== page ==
You have my express permission to kick the next person — especially someone advocating the embrace of radical forms of technological advancement — who tells you that they wish nothing more than to get rid of, move beyond, or otherwise avoid “politics.” Kick them hard, and repeatedly. They have adopted a profoundly ignorant and self-serving position, one that betrays at best a lack of understanding of human nature and society, and at worst a malicious desire to preemptively shut down any opposition to their goal. …
In the early days of the dot-com era, this attitude resulted in the absence of digital tech industry voices in Washington, DC, allowing the incumbent telecom and entertainment industries free rein to write laws and buy politicians without opposition. Companies and industries that had considered themselves beyond politics found out just how wrong they were. Stung by that experience, today’s advocates of the “escape politics” position usually articulate it as more of a wishful whine, as with [Peter] Thiel’s line [“In our time, the great task for libertarians is to find an escape from politics in all its forms…”] …
there’s a profound ignorance across the tech advocacy community of the importance of politics to human society. Politics means conflict, debate, and frustration. It also means choice. A world without politics is a world where disagreement is illegitimate. It’s a world where your ability to choose your future — to make your future — has been taken away, whether you like it or not.
Brand’s Environmental Heresies And The Eco-Pragmatist Manifesto
Since “Counterculture to Cyberculture” was published Brand has continued to be active, creating a large amount of controversy in the environmental movement with an article on his “Environmental Heresies” – taking aim at 4 areas where he thinks the environmental movement has gone the wrong way – population growth, urbanisation, genetically engineered organisms, and nuclear power.
Wired had an interview with Brand where he puts the case for the formation of huge slums in the developing world as a positive thing (the opposite to the argument made in Mike Davis’ “Planet Of Slums“).
Wired: What makes squatter cities so important?
Stewart Brand: That’s where vast numbers of humans—slum dwellers—are doing urban stuff in new and amazing ways. And hell’s bells, there are a billion of them! People are trying desperately to get out of poverty, so there’s a lot of creativity; they collaborate in ways that we’ve completely forgotten how to do in regular cities. And there’s a transition: People come in from the countryside, enter the rickshaw economy, and work for almost nothing. But after a while, they move uptown, into the formal economy. The United Nations did extensive field research and flipped from seeing squatter cities as the world’s great problem to realizing these slums are actually the world’s great solution to poverty.
Wired: Why are they good for the environment?
Brand: Cities draw people away from subsistence farming, which is ecologically devastating, and they defuse the population bomb. In the villages, women spend their time doing agricultural stuff, for no pay, or having lots and lots of kids. When women move to town, it’s better to have fewer kids, bear down, and get them some education, some economic opportunity. Women become important, powerful creatures in the slums. They’re often the ones running the community-based organizations, and they’re considered the most reliable recipients of microfinance loans.
Wired: How can governments help nurture these positives?
Brand: The suffering is great, and crime is rampant. We made the mistake of romanticizing villages, and we don’t need to make that mistake again. But the main thing is not to bulldoze the slums. Treat the people as pioneers. Get them some grid electricity, water, sanitation, crime prevention. All that makes a huge difference.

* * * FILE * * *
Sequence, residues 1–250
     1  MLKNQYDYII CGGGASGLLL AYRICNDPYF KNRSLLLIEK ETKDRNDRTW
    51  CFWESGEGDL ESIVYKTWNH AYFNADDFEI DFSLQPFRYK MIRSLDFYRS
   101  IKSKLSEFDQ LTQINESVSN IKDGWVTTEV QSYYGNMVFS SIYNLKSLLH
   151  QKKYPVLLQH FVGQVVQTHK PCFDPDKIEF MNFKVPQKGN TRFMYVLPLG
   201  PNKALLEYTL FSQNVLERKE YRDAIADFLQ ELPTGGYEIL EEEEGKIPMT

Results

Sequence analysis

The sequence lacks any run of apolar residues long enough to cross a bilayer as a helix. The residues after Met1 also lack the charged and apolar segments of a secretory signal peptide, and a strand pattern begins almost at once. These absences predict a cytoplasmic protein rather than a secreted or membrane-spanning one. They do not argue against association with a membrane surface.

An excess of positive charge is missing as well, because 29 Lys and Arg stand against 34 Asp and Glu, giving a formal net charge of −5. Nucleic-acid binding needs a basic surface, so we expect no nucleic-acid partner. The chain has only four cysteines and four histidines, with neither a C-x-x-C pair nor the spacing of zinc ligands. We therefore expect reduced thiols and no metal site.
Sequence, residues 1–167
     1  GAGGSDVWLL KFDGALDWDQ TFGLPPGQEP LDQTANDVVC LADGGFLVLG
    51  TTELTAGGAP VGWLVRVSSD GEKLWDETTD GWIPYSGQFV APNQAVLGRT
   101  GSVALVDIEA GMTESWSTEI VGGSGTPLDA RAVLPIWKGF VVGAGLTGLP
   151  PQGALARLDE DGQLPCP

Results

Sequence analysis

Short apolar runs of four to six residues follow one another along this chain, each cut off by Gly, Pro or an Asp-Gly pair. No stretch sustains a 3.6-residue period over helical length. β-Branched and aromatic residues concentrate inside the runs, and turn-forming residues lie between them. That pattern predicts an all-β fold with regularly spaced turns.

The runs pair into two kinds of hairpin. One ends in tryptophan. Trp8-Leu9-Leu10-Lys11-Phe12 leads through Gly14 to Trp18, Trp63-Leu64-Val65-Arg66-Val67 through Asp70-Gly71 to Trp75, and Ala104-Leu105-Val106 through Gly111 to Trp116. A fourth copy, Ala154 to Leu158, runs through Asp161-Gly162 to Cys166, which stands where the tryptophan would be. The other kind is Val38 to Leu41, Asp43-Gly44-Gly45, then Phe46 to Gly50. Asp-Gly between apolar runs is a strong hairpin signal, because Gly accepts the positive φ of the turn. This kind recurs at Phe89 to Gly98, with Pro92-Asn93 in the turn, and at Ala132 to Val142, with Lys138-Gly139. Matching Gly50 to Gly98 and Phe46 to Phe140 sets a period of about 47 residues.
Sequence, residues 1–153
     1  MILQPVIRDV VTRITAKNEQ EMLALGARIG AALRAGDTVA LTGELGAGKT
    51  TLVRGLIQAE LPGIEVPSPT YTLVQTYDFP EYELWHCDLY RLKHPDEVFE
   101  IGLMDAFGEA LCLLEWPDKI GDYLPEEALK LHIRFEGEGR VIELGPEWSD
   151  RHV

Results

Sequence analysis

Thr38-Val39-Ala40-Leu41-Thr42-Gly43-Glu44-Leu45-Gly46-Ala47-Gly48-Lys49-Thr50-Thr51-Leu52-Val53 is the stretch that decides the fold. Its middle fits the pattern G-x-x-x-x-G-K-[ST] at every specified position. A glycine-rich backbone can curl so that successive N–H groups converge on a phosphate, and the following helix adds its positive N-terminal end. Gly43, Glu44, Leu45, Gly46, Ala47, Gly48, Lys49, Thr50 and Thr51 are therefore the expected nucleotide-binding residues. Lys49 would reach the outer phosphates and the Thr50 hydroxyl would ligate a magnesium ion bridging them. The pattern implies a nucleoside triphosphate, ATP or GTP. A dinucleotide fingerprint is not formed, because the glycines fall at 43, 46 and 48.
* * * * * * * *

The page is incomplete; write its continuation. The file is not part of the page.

The 4 “heresies” form the foundation of Brand’s latest book “WHOLE EARTH DISCIPLINE: An Ecopragmatist Manifesto” (along with another one – geoengineering will be required to mitigate global warming), which Brand discusses in this Long Now seminar called “Rethinking Green“.
Personally I’d say Brand has 2 of his original 4 “heresies” right – population (which isn’t the problem many believed back in the 1970’s – and some grim hangers on still think today) and urbanisation (with “cities are the future” being a key Viridian catchphrase).
I remain somewhat dubious about genetically modified crops and think Brand is simply wrong about nuclear power, which is (at best) an expensive diversion of resources from our key task of replacing and extending our existing power generation capacity with truly clean and renewable power sources (in fact, its a remarkable about-face to go from promoting tools for individual use to recommending the ultimate centralised power source, one which can’t be used by individuals and always requires massive government subsidies and regulation, and completely at odds with his “Long Now” school of long-term thinking for that matter).
The topic of Geoengineering is worthy of a post of its own, so I’ll leave that for later.
Brand discusses “Whole Earth Discipline” in this talk at EDGE.
About 40 years ago I wore a button that said, “Why haven’t we seen a photograph of the whole Earth yet?” Then we finally saw the pictures. What did it do for us?
The shift that has happened in 40 years which mainly has to do with climate change. Forty years ago, I could say in the Whole Earth Catalog, “we are as gods, we might as well get good at it”. Photographs of earth from space had that god-like perspective.
What I’m saying now is we are as gods and have to get good at it. Necessity comes from climate change, potentially disastrous for civilization. The planet will be okay, life will be okay. We will lose vast quantities of species, probably lose the rain forests if the climate keeps heating up. So it’s a global issue, a global phenomenon. It doesn’t happen in just one area. The planetary perspective now is not just aesthetic. It’s not just perspective. It’s actually a world-sized problem that will take world sized solutions that involves forms of governance we don’t have yet. It involves technologies we are just glimpsing. It involves what ecologists call ecosystem engineering. Beavers do it, earthworms do it. They don’t usually do it at a planetary scale. We have to do it at a planetary scale. A lot of sentiments and aesthetics of the environmental movement stand in the way of that.